Though there are two primary characters, in my mind Kady steals the show from the very first and never gives it back. She a fast-thinking, authority-hating, pink-haired hacker who dumps her boyfriend because she doesn’t think he has enough ambition and drive. Immediately following this, her planet gets invaded and she inadvertently saves his life. Ezra spends the book entirely besotted with her, and although he becomes an excellent pilot and fighter in his own right he never quite steps up to the plate like she does. It became obvious to me fairly early on why Kady dumped him in the first place. He provides great emotional support, loves her to distraction, and cannot think on her level at all.

Where Kady intentionally flubs an aptitude test so that she will be overlooked by recruitment officers from the military, Ezra does well and begins training to be a pilot. Kady piggybacks on the private channels of important officers, plants bugs in the ship’s systems, and seeks out information when she’s sure it is being withheld. Ezra is basically incurious. Kady has to bully and push him into action when she needs his help. As the story progresses their relationship evolves, but it retains the dynamic of Kady as leader, Ezra as somewhat reluctant backup.

The climax of the book is long and glorious. I reveled in every single blood-soaked page, and let me tell you this, dear reader, I was not expecting quite the level of carnage that I got. “Be of stout heart, for the worst is yet to come,” might as well be this book’s motto and it’s great. There are not one, not two, but three major threats to the fleeing colonists: the ship that originally attacked them is still following and gaining slowly, their AI is badly damaged and may have gone insane, and there’s a mysterious and terrifying plague sweeping through the population.

Illuminae simultaneously delivers an action-packed, heart-thumping survival story set in the most unforgiving environment possible and also a very human story of people pushed to their limits. I had a fantastic time reading about all the grisly bits that come with war, but I had an even better time reading about Kady and her response to trauma. Time and time again she picks herself up and keeps going, even as the constant barrage of death and destruction starts to take its toll on her mental state. She never gives up. About halfway through the book there’s a one-page excerpt from her heavily encrypted diary that reads, “I want my mom.” In that moment she’s not a skilled hacker, she’s just a kid who has dealt with more than any kid should ever have to face, and she wants her mom.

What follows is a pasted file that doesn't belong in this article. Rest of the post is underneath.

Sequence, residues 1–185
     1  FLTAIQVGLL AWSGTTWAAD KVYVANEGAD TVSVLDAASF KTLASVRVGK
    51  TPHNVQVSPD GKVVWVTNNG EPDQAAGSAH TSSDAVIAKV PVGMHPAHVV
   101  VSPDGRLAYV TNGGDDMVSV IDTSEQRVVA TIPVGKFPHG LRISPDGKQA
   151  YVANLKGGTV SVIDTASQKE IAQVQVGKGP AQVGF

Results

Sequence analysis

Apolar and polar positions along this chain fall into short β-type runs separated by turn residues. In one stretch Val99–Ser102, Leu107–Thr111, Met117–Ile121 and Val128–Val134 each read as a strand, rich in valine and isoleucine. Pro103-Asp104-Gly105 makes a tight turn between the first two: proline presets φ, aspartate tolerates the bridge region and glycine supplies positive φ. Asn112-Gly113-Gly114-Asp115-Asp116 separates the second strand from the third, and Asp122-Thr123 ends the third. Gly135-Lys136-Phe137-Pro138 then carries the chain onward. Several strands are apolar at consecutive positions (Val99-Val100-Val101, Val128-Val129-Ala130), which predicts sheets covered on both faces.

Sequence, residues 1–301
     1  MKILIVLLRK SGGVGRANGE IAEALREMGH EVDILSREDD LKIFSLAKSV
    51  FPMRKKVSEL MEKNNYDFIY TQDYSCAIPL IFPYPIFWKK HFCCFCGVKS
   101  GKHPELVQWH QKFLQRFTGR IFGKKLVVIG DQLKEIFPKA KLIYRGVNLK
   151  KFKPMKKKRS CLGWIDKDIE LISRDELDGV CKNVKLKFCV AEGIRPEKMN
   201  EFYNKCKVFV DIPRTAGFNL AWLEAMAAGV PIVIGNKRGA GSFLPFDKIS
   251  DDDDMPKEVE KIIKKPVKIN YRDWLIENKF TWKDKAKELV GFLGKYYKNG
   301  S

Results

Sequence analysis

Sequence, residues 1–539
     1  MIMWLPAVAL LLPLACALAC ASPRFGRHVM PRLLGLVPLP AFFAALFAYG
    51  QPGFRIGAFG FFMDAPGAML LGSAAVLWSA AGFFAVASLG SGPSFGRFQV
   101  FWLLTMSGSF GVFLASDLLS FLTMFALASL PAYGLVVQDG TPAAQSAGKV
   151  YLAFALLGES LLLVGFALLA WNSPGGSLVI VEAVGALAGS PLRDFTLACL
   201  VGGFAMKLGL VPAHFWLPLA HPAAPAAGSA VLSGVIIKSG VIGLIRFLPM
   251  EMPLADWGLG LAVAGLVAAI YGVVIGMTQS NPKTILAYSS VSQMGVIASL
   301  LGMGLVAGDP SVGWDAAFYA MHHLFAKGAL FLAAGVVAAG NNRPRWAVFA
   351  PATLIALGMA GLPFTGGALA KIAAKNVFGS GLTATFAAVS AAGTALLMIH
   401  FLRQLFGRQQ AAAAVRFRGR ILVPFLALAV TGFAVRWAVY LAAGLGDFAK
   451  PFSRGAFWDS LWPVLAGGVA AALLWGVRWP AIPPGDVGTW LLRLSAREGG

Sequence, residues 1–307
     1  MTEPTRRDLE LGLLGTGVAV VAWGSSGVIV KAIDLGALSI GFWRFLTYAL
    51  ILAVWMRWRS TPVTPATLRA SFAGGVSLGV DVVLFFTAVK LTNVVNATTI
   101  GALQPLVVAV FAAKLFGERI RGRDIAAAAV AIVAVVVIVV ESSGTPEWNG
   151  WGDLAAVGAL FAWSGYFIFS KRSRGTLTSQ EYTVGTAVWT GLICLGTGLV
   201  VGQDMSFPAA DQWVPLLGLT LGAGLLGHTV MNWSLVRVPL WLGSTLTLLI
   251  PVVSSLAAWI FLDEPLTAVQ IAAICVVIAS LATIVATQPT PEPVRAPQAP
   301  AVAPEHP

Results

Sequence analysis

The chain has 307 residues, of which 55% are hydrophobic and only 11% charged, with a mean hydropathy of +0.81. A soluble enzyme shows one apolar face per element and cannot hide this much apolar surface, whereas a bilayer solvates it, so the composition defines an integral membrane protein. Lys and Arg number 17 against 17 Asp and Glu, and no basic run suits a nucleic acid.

It’s a sci-fi apocalypse story, but it’s personal. This apocalypse only affects a few people. The universe is in no danger. Humanity at large was never threatened, but the entire book reminds the reader that at some point it doesn’t matter whether you have just survived a nuclear missile or discovered that your dad died, either event feels the same. An individual, personal apocalypse feels exactly the same as universal destruction when the story is told from one person’s perspective.

In the end it’s a book about humanity and the importance of each individual. It is about the value of human life, and our ability to care for each other even in the darkest of times. It was terrifying and hopeful, touching and gory, inspiring and heartbreaking all at once. Read Illuminae, it’s a good time.

Illuminae will be out on October 20, 2015 in the US and UK.